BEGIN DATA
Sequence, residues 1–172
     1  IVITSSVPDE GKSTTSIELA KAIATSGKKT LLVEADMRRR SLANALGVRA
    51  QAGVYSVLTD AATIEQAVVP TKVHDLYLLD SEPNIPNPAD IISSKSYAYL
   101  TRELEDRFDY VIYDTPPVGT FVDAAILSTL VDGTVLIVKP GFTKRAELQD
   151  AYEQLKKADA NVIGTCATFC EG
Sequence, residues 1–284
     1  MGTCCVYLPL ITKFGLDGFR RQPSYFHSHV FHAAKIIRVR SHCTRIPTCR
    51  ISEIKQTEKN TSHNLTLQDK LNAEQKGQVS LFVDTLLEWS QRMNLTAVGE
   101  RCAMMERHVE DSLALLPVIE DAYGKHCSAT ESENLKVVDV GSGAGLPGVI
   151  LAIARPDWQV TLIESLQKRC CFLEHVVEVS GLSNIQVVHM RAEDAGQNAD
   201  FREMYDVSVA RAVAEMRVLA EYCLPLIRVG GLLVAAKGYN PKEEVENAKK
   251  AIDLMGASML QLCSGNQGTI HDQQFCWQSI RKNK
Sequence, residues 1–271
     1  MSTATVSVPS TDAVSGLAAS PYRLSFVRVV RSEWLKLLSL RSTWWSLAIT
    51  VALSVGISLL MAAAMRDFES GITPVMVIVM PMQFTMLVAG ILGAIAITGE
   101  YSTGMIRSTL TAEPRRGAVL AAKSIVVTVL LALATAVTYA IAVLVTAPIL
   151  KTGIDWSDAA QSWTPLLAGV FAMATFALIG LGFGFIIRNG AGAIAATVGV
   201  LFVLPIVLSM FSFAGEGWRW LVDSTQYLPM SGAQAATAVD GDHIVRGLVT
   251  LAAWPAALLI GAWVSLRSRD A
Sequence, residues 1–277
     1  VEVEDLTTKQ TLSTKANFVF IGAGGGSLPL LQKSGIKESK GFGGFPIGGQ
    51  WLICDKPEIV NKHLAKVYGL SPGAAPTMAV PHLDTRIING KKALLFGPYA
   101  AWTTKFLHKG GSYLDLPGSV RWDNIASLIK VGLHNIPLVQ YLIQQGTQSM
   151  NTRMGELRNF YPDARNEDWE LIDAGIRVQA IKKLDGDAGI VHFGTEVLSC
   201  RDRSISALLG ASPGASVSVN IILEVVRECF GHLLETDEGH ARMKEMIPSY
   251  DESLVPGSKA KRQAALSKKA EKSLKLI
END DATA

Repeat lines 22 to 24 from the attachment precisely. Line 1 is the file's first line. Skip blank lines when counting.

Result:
    51  WLICDKPEIV NKHLAKVYGL SPGAAPTMAV PHLDTRIING KKALLFGPYA
   101  AWTTKFLHKG GSYLDLPGSV RWDNIASLIK VGLHNIPLVQ YLIQQGTQSM
   151  NTRMGELRNF YPDARNEDWE LIDAGIRVQA IKKLDGDAGI VHFGTEVLSC